Animal of the Week: Kori Bustard
Kori bustard (Ardeotis kori)
Great place to see the kori bustard: Kenya
Native to Africa, the kori bustard is a charming creature that’s a ground-dwelling, opportunistic omnivorous bird. Generally found in open grassy areas that are usually characterised by sandy soil – like the Kalahari sands – this bird is also found in lightly-wooded savannahs, arid plateaus and scrub, plains and semi deserts.
Mostly brown and grey adorning its body, it also has fine black-and-white patterns. It has loose feathers around its neck, which makes that part look thicker than it actually is. Because the kori bustard needs a lot of space to take off and fly, it is not a bird to be found in forested or highly-wooded regions. It feeds in the morning and in the evening, and the rest of the day, as adorable as this could sound – it is found standing still in any available shade. The kori bustard is known to be a silent bird, making a loud growling bark only when alarmed. The male inflates its gular pouch to form a white throat ‘balloon’ during display, puffing out their frontal neck feathers that are spread upwards, making it a delight to watch.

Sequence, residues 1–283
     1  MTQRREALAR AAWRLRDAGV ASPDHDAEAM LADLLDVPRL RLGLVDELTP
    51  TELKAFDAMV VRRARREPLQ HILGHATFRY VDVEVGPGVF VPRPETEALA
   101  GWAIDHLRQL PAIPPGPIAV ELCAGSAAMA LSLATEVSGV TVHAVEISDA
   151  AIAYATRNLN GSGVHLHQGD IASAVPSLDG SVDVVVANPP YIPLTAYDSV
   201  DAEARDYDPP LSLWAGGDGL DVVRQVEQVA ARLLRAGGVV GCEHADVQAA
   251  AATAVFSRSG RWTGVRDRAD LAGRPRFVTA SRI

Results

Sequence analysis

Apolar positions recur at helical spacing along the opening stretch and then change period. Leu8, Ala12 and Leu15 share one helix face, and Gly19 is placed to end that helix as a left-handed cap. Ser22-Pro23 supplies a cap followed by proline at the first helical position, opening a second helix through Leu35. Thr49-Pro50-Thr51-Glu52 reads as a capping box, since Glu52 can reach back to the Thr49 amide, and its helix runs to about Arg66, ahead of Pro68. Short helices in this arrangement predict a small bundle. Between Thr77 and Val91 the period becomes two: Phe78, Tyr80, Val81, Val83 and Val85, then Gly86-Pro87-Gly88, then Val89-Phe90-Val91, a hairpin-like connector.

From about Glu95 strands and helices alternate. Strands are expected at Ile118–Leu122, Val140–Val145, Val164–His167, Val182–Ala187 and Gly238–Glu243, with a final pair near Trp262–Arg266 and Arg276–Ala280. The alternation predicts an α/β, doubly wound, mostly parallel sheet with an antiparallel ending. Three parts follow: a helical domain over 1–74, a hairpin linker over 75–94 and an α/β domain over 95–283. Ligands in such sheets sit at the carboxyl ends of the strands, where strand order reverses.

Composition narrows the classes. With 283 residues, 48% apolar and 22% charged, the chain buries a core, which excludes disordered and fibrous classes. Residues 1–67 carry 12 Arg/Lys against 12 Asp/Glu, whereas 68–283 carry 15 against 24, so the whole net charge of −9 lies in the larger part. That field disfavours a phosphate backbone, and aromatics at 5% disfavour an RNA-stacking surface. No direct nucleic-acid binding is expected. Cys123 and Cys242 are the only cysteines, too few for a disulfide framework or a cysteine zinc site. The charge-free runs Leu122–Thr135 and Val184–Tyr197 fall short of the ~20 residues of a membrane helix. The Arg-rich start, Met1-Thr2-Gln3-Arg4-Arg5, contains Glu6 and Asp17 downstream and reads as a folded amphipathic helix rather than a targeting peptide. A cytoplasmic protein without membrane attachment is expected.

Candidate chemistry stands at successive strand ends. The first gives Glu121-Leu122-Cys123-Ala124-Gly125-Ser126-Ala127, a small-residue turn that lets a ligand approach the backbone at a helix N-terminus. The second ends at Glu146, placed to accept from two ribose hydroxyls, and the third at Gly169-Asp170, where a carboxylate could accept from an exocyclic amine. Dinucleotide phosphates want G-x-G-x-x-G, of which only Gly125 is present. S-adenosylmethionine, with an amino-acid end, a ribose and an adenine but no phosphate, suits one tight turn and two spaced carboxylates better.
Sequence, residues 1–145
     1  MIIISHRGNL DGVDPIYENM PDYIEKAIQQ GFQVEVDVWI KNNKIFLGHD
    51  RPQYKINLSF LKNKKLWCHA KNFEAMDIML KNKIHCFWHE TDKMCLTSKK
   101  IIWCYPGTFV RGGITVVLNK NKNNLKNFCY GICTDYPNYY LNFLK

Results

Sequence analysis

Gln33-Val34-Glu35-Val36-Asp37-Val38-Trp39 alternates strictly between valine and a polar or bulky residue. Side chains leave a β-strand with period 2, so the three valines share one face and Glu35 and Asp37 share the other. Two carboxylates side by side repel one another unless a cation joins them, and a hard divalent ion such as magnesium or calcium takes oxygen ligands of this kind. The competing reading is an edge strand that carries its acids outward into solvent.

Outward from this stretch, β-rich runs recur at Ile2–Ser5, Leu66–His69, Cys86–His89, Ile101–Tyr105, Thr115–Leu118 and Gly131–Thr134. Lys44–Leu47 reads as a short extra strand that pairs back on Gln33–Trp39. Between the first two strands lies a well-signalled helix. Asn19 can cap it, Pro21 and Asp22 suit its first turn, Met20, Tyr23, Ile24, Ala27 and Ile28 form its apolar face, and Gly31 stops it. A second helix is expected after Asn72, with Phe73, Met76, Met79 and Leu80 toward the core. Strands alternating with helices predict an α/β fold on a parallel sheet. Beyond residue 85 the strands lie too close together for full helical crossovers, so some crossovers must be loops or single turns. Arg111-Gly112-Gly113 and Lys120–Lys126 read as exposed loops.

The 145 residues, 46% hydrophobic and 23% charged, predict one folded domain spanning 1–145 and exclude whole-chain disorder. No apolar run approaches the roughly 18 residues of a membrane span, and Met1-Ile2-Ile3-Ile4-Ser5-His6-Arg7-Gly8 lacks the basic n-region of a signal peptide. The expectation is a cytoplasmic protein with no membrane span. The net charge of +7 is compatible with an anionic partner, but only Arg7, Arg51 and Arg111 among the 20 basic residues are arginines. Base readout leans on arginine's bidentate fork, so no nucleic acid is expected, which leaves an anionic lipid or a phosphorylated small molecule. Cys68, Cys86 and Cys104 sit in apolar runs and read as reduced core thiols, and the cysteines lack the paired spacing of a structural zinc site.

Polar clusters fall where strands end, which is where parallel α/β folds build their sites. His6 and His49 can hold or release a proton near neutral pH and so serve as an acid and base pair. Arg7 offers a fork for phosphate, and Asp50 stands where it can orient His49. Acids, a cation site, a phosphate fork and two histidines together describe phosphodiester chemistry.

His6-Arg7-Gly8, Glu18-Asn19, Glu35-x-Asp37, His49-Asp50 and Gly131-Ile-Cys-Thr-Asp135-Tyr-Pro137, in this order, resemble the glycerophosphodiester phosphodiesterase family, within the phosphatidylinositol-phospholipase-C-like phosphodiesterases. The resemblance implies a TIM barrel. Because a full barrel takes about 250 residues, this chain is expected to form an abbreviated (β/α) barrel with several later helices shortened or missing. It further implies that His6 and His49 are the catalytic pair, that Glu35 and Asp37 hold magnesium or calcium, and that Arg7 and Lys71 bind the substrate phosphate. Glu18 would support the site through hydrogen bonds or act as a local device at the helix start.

The kori bustard holds a record to its name (which it is blissfully unaware of!), of being the planet’s heaviest living animal capable of flight, even though it spends about 70% of its time on foot, which is why it is our Animal of the Week!
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